MPM 1/72 DC-2 "PAA/EAL"

KIT #: 72508
PRICE: $21.00 on sale ($42.00 SRP)
DECALS: Two options
REVIEWER: Scott Van Aken
NOTES: Short run with injected clear bits


The aircraft that really put Douglas on the map was the DC-2 airliner. Basically a 'stretched' DC-1 with an additional row of seats, the DC-2 was quickly seen as the finest airliner around. It was fast, quiet and able to carry a reasonable number of passengers over a good distance. In fact, Douglas was able to sell every plane it built before moving to the even larger DC-3, the aircraft that brought air travel closer to everyone. DC-2s  were also license built by Najakima for the home market.

In all around 200 of these aircraft were built and served in a variety of airlines both in the US and overseas. Several were also used by military services, mostly in the US where they were used as staff transports under various designations depending on the equipment carried, though most were known as C-32A or R2Ds depending on the service. Some were also equipped with military gear as temporary bombers and used as such in Spain and by the Finns. Probably the Soviets as well, though little is know of these operations. Though some survivors were operated post war, most were replaced by the much more widely available DC-3/C-47.


Typical of MPM, this kit is is molded in a medium grey plastic with petite engraved panel lines as you can see in the image to the left. Basically, this is little more than a reboxing of an earlier kit, with nothing changed aside from the decals. Even the box art itself is little more than a sheet of paper glued over an existing kit box.

The kit is still nicely molded and has the dreaded separate prop blades which must be carefully glued onto a central hub. Frankly, I don't like these, especially the butt joined ones, as I have trouble with blade alignment. OK, call me lazy, but I like having things like this already done for me. The clear bits look a bit hazy, which is fine as there really is not much to see on the inside. In the cabin, no seats are offered, just a cargo floor. The kit also offers two different noses; one with prominent twin landing lights for use with this kit and another very plain one for another boxing. Also additional is a broader chord fin that is not for this particular kit. From what I can gather, there have been at least four if not five boxings of this same basic kit. I've also not seen one built even though the kit has been out for many years.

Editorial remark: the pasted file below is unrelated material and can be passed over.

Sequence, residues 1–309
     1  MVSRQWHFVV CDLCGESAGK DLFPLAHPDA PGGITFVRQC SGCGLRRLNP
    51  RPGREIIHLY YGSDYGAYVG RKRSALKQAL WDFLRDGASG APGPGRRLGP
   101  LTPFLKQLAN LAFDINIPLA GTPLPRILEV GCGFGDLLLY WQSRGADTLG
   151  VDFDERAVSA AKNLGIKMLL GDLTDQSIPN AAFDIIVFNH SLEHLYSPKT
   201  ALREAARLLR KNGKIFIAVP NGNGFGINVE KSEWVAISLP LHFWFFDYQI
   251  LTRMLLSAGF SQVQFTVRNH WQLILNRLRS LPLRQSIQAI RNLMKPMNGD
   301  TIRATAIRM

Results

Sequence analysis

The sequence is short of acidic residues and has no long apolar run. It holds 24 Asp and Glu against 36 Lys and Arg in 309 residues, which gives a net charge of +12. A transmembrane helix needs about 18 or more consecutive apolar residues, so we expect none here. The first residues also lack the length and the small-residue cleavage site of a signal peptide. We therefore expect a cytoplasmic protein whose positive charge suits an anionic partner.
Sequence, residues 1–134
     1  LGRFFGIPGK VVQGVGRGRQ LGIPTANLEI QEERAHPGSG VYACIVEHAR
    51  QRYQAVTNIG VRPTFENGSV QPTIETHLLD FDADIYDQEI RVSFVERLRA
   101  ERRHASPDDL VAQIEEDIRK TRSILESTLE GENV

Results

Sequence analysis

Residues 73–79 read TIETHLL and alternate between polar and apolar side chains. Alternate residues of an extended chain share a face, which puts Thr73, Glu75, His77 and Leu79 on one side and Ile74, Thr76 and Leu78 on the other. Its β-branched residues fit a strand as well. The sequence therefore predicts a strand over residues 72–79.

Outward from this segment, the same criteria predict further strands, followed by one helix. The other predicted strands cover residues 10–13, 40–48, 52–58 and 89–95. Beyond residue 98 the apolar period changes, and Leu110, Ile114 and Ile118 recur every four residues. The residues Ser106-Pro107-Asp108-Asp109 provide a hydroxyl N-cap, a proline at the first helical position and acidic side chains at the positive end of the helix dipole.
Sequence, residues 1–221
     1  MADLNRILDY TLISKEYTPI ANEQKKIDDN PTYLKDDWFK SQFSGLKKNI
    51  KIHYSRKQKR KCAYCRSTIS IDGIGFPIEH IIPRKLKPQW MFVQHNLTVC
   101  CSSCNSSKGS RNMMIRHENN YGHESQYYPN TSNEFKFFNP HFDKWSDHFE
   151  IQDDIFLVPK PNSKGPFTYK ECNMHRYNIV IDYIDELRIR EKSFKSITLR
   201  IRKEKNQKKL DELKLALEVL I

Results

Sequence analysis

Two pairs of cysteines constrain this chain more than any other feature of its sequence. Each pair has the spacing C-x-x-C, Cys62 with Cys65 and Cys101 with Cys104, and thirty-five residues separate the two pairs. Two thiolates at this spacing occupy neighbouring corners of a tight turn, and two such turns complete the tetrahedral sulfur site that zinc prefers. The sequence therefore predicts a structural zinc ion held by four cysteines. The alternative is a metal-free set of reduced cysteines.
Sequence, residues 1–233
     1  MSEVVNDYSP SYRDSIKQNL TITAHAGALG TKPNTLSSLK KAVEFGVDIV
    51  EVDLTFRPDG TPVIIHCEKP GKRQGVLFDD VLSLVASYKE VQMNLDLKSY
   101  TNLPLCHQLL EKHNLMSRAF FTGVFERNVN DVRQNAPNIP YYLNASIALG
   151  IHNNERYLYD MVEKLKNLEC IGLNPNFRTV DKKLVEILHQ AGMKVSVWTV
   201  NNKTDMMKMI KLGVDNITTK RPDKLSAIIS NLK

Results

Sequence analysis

Instructions are standard MPM with nicely drawn construction steps and color references for Gunze paints. Additional drawings show detail construction and proper wing angles. Markings are for two aircraft, one with Pan American Grace (Panagra) in 1934. This is a nice option but will rarely be built as the modeler will have to paint on the yellow wing and tailplane bands with thin green stripes. This is enough to ensure that most will go with the Eastern Airlines option This one is a bit less colorful, but then airlines back in the 30's were not the flying billboards they are today. The decals are nicely done and should provide no issues with your favorite setting solution.


MPM has provided a very nice kit of this important airliner/transport. It is a bit basic in some areas, but leaves a lot of room for those who want to add more to it. This is one that really deserves to be seen more and I can tell you that I've one of these in my future.


An excellent reference for this kit is the 4+ Publications Douglas DC-2

February 2014

Thanks to me for getting this one on sale.

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